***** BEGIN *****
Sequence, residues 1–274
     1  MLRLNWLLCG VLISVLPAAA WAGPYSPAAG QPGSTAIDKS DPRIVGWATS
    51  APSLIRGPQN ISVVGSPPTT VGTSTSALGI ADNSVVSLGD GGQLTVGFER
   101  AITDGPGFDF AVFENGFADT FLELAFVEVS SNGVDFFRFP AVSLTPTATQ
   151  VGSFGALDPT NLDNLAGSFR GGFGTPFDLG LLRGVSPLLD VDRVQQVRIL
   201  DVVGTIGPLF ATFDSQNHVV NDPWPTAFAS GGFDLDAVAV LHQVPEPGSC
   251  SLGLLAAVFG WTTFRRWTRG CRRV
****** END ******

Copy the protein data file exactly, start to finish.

Sequence, residues 1–274
     1  MLRLNWLLCG VLISVLPAAA WAGPYSPAAG QPGSTAIDKS DPRIVGWATS
    51  APSLIRGPQN ISVVGSPPTT VGTSTSALGI ADNSVVSLGD GGQLTVGFER
   101  AITDGPGFDF AVFENGFADT FLELAFVEVS SNGVDFFRFP AVSLTPTATQ
   151  VGSFGALDPT NLDNLAGSFR GGFGTPFDLG LLRGVSPLLD VDRVQQVRIL
   201  DVVGTIGPLF ATFDSQNHVV NDPWPTAFAS GGFDLDAVAV LHQVPEPGSC
   251  SLGLLAAVFG WTTFRRWTRG CRRV